Rhodes M, Allen A, Lennard TWJ (1992) Mucus glycoprotein-biosynthesis in the human gall bladder—inhibition by aspirin. Gut 33:1109–1112PubMedGoogle Scholar
  38. 38.
    Roberton AM, Rabel B, Stubbs L, Tasmanjones C, Lee SP (1996) Aspirin changes the secretion rate and amino acid composition of human small intestinal mucin in subjects with ileal conduits. Glycoconjugate J 13:781–789Google Scholar
  39. 39.
    Sarosiek J, Mizuta K, Slomiany A, Slomiany BL (1986) Effect of acetylsalicylic acid on gastric mucin viscosity, permeability to hydrogen ion, and susceptibility to pepsin. Biochem Pharmacol 35:4291–4295CrossRefPubMedGoogle Scholar
  40. 40.
    Scharfman A, Lamblin G, Roussel P (1995) Interactions between human respiratory mucins and pathogens. Biochem Soc Trans 23:836–839PubMedGoogle Scholar
  41. 41.
    Schroten H, Hanisch FG, Plogmann R, Hacker J, Uhlenbruck G, Nobisbosch R, Wahn V (1992) Inhibition of adhesion of s-fimbriated Escherichia coli to buccal epithelial cells by human milk fat globule membrane components—a novel aspect of the protective function of mucins in the nonimmunoglobulin fraction. Infect Immun 60:2893–2899PubMedGoogle Scholar
  42. 42.
    Seifter S, Dayton S, Novic B, Muntwyler E (1950) The estimation of glycogen with the anthrone reagent. Arch Biochem Biophys 25:191–200Google Scholar
  43. 43.
    Shankar V, Gilmore MS, Elkins RC, Sachdev GP (1994) A novel human airway mucin cDNA encodes a protein with unique tandem-repeat organization. Biochem J 300:295–298PubMedGoogle Scholar
  44. 44.
    Smirnova MG, Guo L, Birchall JP, Pearson JP (2003) Lps up-regulates mucin and cytokine mRNA expression and stimulates mucin and cytokine secretion in goblet cells. Cell Immunol 221:42–49CrossRefPubMedGoogle Scholar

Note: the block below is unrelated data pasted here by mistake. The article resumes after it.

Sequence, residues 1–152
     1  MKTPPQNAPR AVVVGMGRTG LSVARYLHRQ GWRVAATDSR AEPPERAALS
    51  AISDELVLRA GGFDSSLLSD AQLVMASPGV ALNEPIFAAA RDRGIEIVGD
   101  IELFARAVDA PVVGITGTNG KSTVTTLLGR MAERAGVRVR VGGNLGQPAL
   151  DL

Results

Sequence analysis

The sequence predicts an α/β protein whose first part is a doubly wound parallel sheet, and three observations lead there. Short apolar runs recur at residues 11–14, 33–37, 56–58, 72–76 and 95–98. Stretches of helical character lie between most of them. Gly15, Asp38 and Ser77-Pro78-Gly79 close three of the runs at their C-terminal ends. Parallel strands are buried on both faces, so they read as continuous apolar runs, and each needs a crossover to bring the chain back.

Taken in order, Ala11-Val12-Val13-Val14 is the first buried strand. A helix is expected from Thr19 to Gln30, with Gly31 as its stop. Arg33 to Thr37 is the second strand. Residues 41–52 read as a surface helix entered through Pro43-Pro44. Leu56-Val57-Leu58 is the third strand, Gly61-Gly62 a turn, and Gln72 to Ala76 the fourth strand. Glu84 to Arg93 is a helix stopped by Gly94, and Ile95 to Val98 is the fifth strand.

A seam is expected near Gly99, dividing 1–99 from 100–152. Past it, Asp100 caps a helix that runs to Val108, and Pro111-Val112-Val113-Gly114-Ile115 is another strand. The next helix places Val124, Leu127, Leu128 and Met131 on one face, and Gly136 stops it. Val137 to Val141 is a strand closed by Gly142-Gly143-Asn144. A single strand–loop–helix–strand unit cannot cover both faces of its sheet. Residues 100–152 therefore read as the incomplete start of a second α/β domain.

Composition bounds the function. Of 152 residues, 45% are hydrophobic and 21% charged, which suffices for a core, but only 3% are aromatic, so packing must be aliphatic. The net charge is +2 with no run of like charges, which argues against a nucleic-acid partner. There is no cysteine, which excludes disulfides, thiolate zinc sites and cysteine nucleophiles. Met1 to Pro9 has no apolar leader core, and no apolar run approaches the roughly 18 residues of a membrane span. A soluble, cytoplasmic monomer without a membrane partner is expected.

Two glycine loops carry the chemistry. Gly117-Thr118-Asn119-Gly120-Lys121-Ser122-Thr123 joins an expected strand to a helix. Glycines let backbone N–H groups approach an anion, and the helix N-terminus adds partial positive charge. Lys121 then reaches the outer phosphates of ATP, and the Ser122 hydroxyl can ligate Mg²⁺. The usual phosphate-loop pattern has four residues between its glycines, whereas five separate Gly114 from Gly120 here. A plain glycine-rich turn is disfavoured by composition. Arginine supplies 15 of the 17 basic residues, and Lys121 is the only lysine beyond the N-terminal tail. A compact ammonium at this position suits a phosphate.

45. 45.
    Strugala V, Allen A, Dettmar PW, Pearson JP (2003) Colonic mucin: methods of measuring mucus thickness. Proc Nutr Soc 62:237–243CrossRefPubMedGoogle Scholar
  46. 46.
    Taylor C, Allen A, Dettmar PW, Pearson JP (2003) The gel matrix of gastric mucus is maintained by a complex interplay of transient and nontransient associations. Biomacromolecules 4:922–927CrossRefPubMedGoogle Scholar
  47. 47.
    Weimer HE, Moshin JR (1953) Serum glycoprotein concentrations in experimental tuberculosis of guinea pigs. Am Rev Tubercul Pulmonol 68:594–602Google Scholar
  48. 48.
    Williams SJ, Wreschner DH, Tran M, Eyre HJ, Sutherland GR, McGuckin MA (2001) Muc13, a novel human cell surface mucin expressed by epithelial and hemopoietic cells. J Biol Chem 276:18327–18336CrossRefPubMedGoogle Scholar

Copyright information

© Springer-Verlag 2004

Authors and Affiliations

  1. 1.Academic Urology UnitUniversity of Aberdeen
  2. 2.Department of Physiological SciencesThe Medical School
  3. 3.Department of SurgeryAddenbrooke’s Hospital
  4. 4.Department of SurgeryThe Medical SchoolAberdeenScotlandUK

Personalised recommendations